Just days before IPCom's important 100a patent expires, the non-practising entity and its sister company Fipa have had mixed success at the High Court in London and the Regional Court Düsseldorf. In Düsseldorf Fipa was successful against HTC. In London, on the other hand, IPCom has come away empty-handed, even though the patent was ruled as valid, infringed and essential to the standard.
11 February 2020 by Mathieu Klos
Frohwitter Intellectual Property Agency (Fipa) and IPCom are part of the network of corporate entities belonging to the Munich-based patent attorney Bernhard Frohwitter. Lawsuits from both NPEs have been keeping the mobile communications industry on tenterhooks for years. While IPCom exploits mobile phone patents formerly belonging to Robert Bosch, Fipa enforces former Hitachii patents.
Last week, the Regional Court Düsseldorf upheld Fipa’s claim against the Taiwanese company HTC and ordered it to provide information, render accounts and pay damages (case ID: 4a O 121/17). The court found HTC had infringed the German part of Fipa’s so-called H.01 patent (EP 0957594).
Hitachii applied for the patent in 1999. It controls the synchronisation of mobile devices with network stations. However, the patent expired in 2019. As a result, Fipa could no longer sue for an injunction. Nevertheless, the damages could be a handsome sum for the NPE, as the court granted a claim for financial compensation from September 2010.
HTC will likely appeal the judgment, however. There is a hearing at the German Federal Patent Court on 19 February to determine the patent’s validity. The court has already declared the H.05 patent (EP 0847147) invalid in another case. The Düsseldorf Regional Court had therefore suspended the infringement proceedings.
Fipa originally sued Samsung, LG, HTC and Sony in Germany. In the meantime, Fipa and Sony have come to a settlement.
In the UK, on the other hand, things were much less favourable for Frohwitter’s other company, IPCom, in the dispute with HTC (case ID: HP-2018-000030).
IPCom filed lawsuits with the UK courts against Vodafone, HTC, Lenovo and Xiaomi in 2019. While HTC relented and stopped selling mobile phones in the UK, the case against the other three opponents is ongoing.
IPCom is taking action against Vodafone over its so-called 100 T8 patent (EP 2579666 B1). The patent protects a method for access rights in telecommunication networks. This can also affect emergency call functions.
The European Patent Office had classified the patent as valid and essential for the UMTS standard. It is part of IPCom’s 100 patent family, which also includes IPCom’s best-known patent 100a. The property rights all expire in mid-February. In view of this, the proceedings were IPCom’s last chance to obtain an injunction.
In the course of the infringement proceedings, however, Vodafone surprised the plaintiff and implemented a workaround which was also accepted by the High Court. This put an end to any hopes of injunctive relief from London and shifted the focus to compensation here as well.
Although the court found Vodafone guilty of partially infringing the patent, no conviction was obtained because Vodafone had invoked Crown use privilege. This protects the use of private innovation by public bodies in the UK, for example for emergency calls. Vodafone claimed a conviction could compromise the MTPAS emergency call system.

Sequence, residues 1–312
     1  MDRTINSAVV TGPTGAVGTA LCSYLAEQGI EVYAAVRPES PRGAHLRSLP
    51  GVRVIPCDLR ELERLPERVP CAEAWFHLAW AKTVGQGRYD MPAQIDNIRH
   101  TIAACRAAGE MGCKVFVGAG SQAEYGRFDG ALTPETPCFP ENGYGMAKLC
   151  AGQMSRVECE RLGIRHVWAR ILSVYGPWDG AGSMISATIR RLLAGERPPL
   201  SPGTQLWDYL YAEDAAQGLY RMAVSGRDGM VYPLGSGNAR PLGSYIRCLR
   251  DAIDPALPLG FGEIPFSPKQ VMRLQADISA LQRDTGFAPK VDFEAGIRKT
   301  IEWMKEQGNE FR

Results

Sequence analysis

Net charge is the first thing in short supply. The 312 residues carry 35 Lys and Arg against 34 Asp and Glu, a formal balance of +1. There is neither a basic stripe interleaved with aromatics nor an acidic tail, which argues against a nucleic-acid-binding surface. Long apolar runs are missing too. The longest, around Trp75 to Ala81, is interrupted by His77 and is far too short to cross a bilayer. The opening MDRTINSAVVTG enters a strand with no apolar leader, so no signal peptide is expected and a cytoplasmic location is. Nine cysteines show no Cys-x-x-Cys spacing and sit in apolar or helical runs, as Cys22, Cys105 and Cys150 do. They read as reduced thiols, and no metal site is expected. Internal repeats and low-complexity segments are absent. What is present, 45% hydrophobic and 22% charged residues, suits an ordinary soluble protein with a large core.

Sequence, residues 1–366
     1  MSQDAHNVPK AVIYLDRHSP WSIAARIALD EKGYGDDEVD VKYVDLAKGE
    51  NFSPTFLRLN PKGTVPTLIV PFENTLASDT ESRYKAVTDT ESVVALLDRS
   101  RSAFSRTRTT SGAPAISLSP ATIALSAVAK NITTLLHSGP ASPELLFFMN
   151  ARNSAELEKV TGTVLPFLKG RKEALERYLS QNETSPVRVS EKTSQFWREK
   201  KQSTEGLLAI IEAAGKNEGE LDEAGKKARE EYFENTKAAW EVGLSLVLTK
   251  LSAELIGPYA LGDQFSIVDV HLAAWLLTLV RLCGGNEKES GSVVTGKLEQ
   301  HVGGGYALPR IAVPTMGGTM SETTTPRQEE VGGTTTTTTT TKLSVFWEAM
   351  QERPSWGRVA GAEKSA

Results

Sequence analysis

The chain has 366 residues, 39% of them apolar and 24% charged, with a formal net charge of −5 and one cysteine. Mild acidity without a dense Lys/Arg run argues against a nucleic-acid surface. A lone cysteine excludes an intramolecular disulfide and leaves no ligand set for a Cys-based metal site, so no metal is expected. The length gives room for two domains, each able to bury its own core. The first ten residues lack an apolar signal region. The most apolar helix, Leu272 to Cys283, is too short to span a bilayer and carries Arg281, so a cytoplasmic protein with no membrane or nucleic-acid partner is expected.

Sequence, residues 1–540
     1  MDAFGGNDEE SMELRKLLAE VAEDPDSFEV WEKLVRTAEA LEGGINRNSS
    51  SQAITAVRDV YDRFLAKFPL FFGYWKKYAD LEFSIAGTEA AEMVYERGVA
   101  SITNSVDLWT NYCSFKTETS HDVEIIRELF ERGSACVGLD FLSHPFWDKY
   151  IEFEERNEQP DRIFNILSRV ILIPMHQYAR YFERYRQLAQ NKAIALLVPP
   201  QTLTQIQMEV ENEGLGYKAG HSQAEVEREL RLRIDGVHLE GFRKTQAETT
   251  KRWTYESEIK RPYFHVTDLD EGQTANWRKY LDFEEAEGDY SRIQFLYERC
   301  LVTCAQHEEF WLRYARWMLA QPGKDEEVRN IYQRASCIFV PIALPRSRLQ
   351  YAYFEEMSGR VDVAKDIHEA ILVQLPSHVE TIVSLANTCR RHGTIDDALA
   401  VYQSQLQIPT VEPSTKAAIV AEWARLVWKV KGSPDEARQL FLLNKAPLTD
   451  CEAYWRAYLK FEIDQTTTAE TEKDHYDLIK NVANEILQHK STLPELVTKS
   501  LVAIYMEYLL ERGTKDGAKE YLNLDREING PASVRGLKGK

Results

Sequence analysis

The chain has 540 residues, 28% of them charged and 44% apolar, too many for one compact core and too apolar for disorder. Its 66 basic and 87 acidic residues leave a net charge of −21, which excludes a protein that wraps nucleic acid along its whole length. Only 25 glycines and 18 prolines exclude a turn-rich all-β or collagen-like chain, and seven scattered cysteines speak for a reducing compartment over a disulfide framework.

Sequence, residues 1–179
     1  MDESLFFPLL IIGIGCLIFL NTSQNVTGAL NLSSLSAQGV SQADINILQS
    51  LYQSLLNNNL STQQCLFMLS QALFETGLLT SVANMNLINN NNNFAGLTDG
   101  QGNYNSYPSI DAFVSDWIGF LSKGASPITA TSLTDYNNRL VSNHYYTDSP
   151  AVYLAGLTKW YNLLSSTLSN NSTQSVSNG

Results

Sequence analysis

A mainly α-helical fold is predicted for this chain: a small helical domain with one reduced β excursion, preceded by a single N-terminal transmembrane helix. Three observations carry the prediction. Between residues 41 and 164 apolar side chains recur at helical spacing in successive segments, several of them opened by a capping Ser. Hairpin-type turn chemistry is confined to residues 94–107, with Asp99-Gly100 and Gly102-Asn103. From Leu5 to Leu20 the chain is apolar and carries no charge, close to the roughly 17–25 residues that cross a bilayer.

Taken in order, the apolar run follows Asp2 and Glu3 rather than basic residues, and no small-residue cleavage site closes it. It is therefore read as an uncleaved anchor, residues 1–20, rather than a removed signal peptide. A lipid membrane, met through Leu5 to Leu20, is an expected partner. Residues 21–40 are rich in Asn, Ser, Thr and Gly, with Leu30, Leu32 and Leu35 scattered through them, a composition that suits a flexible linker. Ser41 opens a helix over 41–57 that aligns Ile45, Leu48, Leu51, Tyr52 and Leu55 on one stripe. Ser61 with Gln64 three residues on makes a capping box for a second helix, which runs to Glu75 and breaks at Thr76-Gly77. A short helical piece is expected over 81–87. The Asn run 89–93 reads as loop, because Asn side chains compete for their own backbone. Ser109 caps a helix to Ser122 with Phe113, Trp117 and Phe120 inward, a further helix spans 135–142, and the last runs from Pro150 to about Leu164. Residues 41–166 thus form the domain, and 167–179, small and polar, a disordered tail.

The UK government created the Mobile Telecommunications Privileged Access Scheme (MTPAS) in order to prioritise telephone network access for privileged persons in emergency situations. During major incidents, networks often experience an abnormally high number of calls, thus jeopardising the network. Under MTPAS, senior police officers can issue a request to mobile network providers, such as Vodafone, that emergency responders be given priority access to the network.
The same law firms from past disputes over IPCom and Fipa patents once again faced each other. Hengeler Mueller partner Wolfgang Kellenter and Bristows partner Myles Jelf have been leading the litigation in Germany and the UK for many years. The Düsseldorf and London offices of Hogan Lovells, on the other hand, organise the defence for Vodafone and HTC.
But the involvement of Douglas Campbell, a barrister of the High Court in London, is not something that happens every day. Barristers experienced in patent law often help the court when there are no conflicts. The court is currently facing major staffing concerns following Richard Arnold’s promotion to the Court of Appeal. Furthermore, well-regarded High Court patent judge Henry Carr passed away in July. The search for successors is proving difficult.
The court usually recruits judges from experienced barristers. At present, Colin Birss remains the only full-time judge at the patent chambers and so the court calls on assistant judges such as Douglas Campbell. In London patent circles he is considered a possible successor.
Hengeler Mueller (Düsseldorf): Wolfgang Kellenter; counsel: Benedikt Migdal
In-house (Munich): Pio Suh
Hogan Lovells (Düsseldorf): Clemens Plassmann; associates: Felix Banholzer, Agathe Michel-de Cazotte
Maikowski & Ninnemann (Berlin, München): Gunnar Baumgärtl, Felix Gross, Dirk Gruppe (all patent attornies)
Regional Court Düsseldorf, 4a Civil Chamber
Tim Crummenerl (presiding judge), Carsten Haase, Kathrin Reich,
UK High Court
Douglas Campbell (presiding judge)